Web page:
Fuel retailing

The fuel retailing industry faces a high level of competition, as price and location largely determine where motorists buy petrol. “Most consumers see petrol as an undifferentiated product and therefore purchase on price – there is effectively no brand loyalty,” Ms Tonkin said.

The Costco fuel retailing strategy offers customers convenience and consistently lower prices, in line with the company’s grocery strategy. Costco’s establishment of a Moorabbin store with fuel pumps is a first in Victoria. 

The first Australian Costco fuel station was established in Liverpool, NSW, in November 2013. The introduction of a fuel station at the Brisbane North Lakes store in May 2014 prompted a flurry of price cutting in the surrounding area, as other fuel retailers scrambled to compete with Costco’s low prices.

However, Costco’s fuel prices remained lower than other retailers in the city, with customers saving up to 15 cents per litre. In the months following its opening, competition from Costco has continued to force down prices among other petrol stations in the area.

The way forward

As ALDI and Costco continue to expand in the supermarkets and grocery stores industry, the well-established major players are expected to look for new ways to remain competitive and boost market share. Woolworths announced in September 2015 that it would invest $AUD65 million in store improvements and increasing staff hours. Meanwhile, Coles has already begun upgrading some of its larger stores to a new market-style format.

“These strategies are designed to keep shoppers instore for longer by presenting stores as foodie destinations, and attract greater sales through premium offerings such as ready-made meals and delicatessen products,” said Ms Tonkin. 

These new stores also offer patisserie goods, artisanal breads and even sushi bars. However, major competitor ALDI is also transitioning its stores to a market-fresh approach, with more fresh food, branded groceries, and ready-to-go and organic food. This is expected to further increase supermarket competition.

ACCC concerned over implementation of Food and Grocery code

The Australian Competition and Consumer Commission is investigating reports about the approach supermarket retailers are taking to implement the Food and Grocery Code of Conduct (Code).

ACCC Chairman Rod Sims said, “The aim of the Code is to redress the imbalance in bargaining power that can exist between suppliers and large grocery retailers by prohibiting certain types of unfair conduct”.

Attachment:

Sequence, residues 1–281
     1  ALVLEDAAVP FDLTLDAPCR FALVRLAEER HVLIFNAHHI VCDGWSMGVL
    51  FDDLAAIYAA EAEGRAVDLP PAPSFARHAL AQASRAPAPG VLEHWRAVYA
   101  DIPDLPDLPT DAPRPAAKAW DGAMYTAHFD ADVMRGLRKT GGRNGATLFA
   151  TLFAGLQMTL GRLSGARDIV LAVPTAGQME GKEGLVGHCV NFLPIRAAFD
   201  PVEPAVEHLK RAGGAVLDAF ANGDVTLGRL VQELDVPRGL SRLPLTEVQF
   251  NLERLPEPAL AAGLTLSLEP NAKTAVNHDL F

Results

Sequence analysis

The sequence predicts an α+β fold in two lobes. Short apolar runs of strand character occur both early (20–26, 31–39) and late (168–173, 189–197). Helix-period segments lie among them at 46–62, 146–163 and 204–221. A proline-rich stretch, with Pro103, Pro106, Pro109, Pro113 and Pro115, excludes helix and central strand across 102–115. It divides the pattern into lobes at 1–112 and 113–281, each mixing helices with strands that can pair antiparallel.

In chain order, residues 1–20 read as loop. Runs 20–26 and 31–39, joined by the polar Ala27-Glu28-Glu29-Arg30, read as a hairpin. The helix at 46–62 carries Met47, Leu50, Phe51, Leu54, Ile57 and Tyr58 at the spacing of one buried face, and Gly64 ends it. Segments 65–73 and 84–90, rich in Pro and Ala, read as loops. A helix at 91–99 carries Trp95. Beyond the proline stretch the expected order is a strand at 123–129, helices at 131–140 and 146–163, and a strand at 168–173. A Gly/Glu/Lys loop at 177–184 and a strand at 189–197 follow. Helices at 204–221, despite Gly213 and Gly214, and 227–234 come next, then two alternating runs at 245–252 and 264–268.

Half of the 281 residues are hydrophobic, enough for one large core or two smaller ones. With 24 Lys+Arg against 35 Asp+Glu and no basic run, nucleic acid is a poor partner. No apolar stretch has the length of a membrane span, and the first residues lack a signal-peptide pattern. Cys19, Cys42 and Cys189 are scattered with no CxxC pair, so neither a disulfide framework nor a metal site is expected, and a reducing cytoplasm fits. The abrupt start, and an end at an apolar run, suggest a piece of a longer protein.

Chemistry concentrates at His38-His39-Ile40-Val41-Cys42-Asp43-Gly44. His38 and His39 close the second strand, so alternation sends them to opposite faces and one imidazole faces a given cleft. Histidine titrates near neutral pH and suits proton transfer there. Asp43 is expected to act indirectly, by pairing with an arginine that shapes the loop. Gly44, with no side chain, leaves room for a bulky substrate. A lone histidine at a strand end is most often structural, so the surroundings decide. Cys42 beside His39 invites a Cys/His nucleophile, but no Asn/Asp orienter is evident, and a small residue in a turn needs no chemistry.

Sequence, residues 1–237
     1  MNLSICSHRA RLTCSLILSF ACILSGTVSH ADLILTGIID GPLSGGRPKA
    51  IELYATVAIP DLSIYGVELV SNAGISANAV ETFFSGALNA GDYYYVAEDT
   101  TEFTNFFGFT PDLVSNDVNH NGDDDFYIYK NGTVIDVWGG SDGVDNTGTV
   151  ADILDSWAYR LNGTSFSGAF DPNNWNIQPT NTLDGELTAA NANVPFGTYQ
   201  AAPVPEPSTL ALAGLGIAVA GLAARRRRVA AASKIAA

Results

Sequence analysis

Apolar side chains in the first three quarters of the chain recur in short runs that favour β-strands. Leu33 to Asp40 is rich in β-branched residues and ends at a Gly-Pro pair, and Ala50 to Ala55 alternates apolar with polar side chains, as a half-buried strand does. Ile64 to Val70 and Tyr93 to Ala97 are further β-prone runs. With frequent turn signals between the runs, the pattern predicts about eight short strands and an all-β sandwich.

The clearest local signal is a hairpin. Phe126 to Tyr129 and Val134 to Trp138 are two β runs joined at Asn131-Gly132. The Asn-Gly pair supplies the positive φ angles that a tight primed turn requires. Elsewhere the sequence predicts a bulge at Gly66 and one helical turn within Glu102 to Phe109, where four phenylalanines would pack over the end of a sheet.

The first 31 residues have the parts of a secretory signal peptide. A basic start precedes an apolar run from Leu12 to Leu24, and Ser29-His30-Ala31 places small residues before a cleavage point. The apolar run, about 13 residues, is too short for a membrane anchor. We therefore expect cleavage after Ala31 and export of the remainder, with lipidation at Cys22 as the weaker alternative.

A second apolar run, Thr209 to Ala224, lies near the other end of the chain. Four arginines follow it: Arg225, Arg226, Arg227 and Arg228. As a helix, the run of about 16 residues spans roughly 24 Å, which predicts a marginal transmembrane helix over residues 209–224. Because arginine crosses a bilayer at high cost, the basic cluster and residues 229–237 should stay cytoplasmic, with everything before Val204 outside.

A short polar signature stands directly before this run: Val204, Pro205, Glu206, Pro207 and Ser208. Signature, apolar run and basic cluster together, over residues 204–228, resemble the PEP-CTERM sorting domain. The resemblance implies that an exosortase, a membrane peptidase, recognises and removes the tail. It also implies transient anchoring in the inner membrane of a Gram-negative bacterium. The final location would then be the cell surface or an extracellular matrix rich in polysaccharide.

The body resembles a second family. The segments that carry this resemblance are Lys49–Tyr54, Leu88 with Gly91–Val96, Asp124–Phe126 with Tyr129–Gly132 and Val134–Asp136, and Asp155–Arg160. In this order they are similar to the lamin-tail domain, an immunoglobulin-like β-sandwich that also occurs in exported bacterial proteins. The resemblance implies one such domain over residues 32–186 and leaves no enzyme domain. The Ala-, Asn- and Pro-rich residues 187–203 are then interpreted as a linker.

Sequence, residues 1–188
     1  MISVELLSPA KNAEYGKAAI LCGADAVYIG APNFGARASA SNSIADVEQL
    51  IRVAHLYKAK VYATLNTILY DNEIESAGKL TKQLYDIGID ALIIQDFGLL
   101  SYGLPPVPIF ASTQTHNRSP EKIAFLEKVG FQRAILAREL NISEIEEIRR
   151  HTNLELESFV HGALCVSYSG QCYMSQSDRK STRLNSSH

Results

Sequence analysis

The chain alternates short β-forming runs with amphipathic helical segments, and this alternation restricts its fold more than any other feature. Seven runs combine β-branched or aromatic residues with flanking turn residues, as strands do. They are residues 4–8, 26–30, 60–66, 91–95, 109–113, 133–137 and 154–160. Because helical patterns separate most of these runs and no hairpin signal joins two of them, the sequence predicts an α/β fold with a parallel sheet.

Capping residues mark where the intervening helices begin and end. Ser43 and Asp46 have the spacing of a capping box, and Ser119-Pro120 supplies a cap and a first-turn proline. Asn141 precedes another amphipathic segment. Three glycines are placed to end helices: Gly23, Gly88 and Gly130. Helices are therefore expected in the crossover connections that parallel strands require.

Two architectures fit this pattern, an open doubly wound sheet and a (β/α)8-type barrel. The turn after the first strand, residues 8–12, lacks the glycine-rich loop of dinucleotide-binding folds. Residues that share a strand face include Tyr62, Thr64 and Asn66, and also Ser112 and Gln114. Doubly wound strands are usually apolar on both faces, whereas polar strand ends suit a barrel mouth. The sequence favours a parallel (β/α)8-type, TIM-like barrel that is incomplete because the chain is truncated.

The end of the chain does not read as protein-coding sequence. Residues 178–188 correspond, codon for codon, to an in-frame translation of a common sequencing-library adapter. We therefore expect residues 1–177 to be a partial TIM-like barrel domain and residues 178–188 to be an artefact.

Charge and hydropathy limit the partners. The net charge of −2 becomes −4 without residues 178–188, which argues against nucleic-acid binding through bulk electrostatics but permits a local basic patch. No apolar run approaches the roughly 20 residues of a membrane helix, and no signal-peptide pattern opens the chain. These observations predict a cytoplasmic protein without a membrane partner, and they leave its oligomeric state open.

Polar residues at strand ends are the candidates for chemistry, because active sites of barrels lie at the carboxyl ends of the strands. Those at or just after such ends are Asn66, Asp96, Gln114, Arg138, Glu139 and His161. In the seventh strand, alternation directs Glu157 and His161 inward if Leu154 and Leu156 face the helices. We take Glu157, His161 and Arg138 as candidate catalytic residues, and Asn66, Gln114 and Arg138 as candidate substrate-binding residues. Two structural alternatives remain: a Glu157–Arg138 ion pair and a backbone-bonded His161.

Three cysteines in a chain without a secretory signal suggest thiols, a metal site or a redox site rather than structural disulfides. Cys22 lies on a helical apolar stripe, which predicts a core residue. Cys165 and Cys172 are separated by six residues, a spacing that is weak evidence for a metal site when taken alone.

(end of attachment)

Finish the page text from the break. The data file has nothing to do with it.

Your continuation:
“The Code imposes a duty to deal with suppliers in good faith and we are concerned by reports we have received from suppliers that suggest that some retailers have not got off to a good start when it comes to implementing the Code,” Mr Sims said.

“The ACCC has concerns as to the manner in which some retailers, in particular Woolworths and Aldi, are presenting new Grocery Supply Agreements (GSAs), which might give the impression that the supplier is not able to negotiate the terms of the GSA.”

“The ACCC is also concerned about the low level of detail provided in some GSAs about the circumstances in which certain payments may arise.”

The Code sets out a number of prohibitions on, for example, requiring a payment for wastage that occurs at the premises of the retailer. While it is possible for retailers and suppliers to opt out of such prohibitions, this can only occur if the opt outs are agreed, if the agreement sets out the circumstances in which the opt out applies and if the payment is reasonable in the circumstances.

“One of the purposes of the Code is to provide certainty to suppliers, who are often in a much weaker bargaining position when dealing with retailers. In order to provide that certainty, the ACCC expects retailers to set out the circumstances in which they will seek payments from suppliers,” Mr Sims said.

The Code requires that retailers offer code-compliant GSAs. Suppliers should not feel compelled to sign these agreements and should seek advice before signing them. In particular, the Code will confer protections on suppliers 12 months after a retailer has signed up to the Code, regardless of whether a supplier has accepted a code-compliant GSA.